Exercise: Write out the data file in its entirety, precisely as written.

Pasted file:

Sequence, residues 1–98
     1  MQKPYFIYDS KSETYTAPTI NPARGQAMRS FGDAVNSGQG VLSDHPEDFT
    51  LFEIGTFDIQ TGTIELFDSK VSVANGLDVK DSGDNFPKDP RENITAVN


Sequence, residues 1–98
     1  MQKPYFIYDS KSETYTAPTI NPARGQAMRS FGDAVNSGQG VLSDHPEDFT
    51  LFEIGTFDIQ TGTIELFDSK VSVANGLDVK DSGDNFPKDP RENITAVN